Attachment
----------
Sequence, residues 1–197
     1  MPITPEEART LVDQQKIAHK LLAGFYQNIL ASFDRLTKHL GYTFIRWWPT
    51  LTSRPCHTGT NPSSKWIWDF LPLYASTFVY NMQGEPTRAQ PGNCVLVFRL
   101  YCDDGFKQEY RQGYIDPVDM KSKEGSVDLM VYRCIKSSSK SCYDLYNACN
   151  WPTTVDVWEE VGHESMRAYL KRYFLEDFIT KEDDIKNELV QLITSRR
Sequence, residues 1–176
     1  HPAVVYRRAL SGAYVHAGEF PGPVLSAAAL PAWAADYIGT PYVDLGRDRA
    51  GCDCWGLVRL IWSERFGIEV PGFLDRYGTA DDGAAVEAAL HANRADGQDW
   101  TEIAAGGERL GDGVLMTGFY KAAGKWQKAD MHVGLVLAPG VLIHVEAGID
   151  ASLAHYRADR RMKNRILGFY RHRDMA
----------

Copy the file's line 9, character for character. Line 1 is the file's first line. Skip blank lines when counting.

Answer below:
   101  TEIAAGGERL GDGVLMTGFY KAAGKWQKAD MHVGLVLAPG VLIHVEAGID